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One really feels that one of Senmuth's biggest passions is Egypt culture and history. "Sacral Land" is one of his strongest releases devoted to this topic. The album has a meditative folk feeling that makes this old and forgotten culture live again in our ears and our minds. Senmuth invites us for a stunning travel in time event once again and delivers a cinematic work for our hearing and thinking.
Haunting melodies are mixed with metal influenced passages that create generally help to create a doom atmosphere but that can include fast and eruptive moments. This album also works a lot with the efficiency of silence on the other side as one can especially hear in the epic opener "The Great Daughter Of The Sun" and the closing "Numero10gy" that include fade in as well as fade out passages that create a haunting and mysterious tension.
My favourite tracks are though those when Senmuth decides to include many folk elements and create an almost ritual atmosphere. The epic "Architect Of The Black Earth" employs simplistic but efficient folk elements in over eight minutes to perfection. "Faros Tis Alexandrias" sounds even more creepy and mysterious and has maybe the most haunting atmosphere of ten truly entertaining songs filled with passion, feeling and details.
Senmuth not only convinces the progressive, folk and ambient fans but has also a few thoughts for his metal fan base. Shorter and heavier tracks such as "Akhet-Aten" with some jazz elements or the mysterious and authentic "Nitocris" could also be performed by Amorphis or even Moonspell. Those short and more metal orientated tracks remind me of the atmospheric metal soundtrack for the video game "Prince Of Persia: Warrior Within" with the only difference that this album here has an Egyptian vibe instead of a Persian one but both cultures are still quite close to each other.
Sacral Land happens to be one of the most coherent records of Senmuth at first view but the album is filled with many different styles. All different fan groups of this unique Russian artist should find something they really like on this album apart of those who prefer the early gothic works with vocals and guest musicians. Senmuth adds once again a high amount of passion and creativity in a release about his fetish topic and the final result sounds well sought and not as spontaneous as many other of his works without being boring or too calculated. He simply found the right mixture for this release a part of a few rather mellow songs in the middle of the record and I would recommend this record as a great introduction to any new potential fan of him. This album is amongst his best records but there is still better stuff from him which I may review soon.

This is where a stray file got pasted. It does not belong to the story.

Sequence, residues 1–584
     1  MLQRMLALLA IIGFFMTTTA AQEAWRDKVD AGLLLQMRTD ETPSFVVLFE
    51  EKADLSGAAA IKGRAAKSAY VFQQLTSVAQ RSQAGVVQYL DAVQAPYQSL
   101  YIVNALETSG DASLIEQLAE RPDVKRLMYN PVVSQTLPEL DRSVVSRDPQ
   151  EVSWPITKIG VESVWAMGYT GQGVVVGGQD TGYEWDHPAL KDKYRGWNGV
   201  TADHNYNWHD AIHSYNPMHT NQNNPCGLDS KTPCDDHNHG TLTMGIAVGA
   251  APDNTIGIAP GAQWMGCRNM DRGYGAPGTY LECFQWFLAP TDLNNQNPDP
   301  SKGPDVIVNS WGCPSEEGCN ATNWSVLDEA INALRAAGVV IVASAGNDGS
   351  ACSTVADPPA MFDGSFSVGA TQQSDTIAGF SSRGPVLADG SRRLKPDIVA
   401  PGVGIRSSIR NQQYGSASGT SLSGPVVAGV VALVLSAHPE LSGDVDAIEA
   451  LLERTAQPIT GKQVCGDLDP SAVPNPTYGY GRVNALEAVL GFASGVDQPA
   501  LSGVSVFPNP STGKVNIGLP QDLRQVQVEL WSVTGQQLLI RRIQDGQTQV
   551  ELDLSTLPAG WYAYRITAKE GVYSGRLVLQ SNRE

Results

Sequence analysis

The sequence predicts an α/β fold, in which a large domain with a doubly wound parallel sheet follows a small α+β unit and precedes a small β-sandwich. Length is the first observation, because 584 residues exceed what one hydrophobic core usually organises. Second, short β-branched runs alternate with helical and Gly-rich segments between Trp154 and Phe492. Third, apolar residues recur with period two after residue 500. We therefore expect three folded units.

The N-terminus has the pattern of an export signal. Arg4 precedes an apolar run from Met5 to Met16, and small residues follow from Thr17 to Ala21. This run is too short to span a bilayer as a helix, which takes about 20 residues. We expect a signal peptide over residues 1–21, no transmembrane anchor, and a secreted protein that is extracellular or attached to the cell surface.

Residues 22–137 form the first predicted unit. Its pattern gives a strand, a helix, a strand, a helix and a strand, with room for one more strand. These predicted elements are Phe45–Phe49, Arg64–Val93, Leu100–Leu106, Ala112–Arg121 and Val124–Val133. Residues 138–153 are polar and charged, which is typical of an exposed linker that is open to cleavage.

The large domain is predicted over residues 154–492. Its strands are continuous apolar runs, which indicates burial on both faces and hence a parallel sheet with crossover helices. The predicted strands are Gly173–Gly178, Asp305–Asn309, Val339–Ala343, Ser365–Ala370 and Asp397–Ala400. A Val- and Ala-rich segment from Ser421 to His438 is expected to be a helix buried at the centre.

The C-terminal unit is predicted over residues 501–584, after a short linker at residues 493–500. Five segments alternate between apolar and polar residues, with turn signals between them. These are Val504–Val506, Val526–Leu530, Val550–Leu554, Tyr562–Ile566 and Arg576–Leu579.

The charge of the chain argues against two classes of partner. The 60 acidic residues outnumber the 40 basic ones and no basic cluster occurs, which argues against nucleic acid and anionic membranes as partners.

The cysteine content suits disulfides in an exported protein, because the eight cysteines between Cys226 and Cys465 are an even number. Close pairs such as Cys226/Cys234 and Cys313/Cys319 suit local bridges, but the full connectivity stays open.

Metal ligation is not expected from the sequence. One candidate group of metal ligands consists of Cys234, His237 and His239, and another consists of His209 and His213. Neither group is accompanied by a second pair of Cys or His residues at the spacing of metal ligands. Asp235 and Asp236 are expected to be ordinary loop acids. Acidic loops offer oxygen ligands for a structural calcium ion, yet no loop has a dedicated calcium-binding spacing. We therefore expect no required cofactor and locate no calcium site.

Here is another one of the more laid back Senmuth albums. As the man behind all of this music has gradually matured his sound, there has been a gradual trend towards more mellow styles, rather than the crazy metal sound of his earliest work under the title. While this does seem to be the right direction for Senmuth to be going in, it's clear that it will take some time before this new approach is solidified and mastered. 'Sacral Land' shows Senmuth working with this mellow, ethnic and ambient outlet of his music, to some mixed degree of success.
As with many of the project's releases, 'Sacral Land' does tend to grow on the listener after a few listens, although the music is typically ambient and could fall into the category of 'background music' for the majority of the set here. While there are scarce bits of heaviness here and there to liven things up, things are typically get laid back, although the overall tone of the music could very well suit a gothic horror film. There are some great moments where the music begins to soar in it's clever use of melodic instruments and 'epic' orchestration, but for the most part, the musical potential of Senmuth does not feel properly tapped into here. There is very little in the way of 'hooks' or memorable melodies, which could have done wonders for the otherwise uneventful soundscape that curses a good portion of the music here.
The mood here is particularly dark; some of the darkest Senmuth has ever done thus far in his career. Songs such as 'Per-Isis' for example, could easily be a soundtrack to a lost Egyptian tomb. The music is kept slow and doomy in nature. While 'Sacral Land' is indeed a laid back album, there are parts here that do recall the metal sound of his past work. There may be little here that really grabs the listener's attention, but the songs are pleasant throughout, and give off a convincing atmosphere.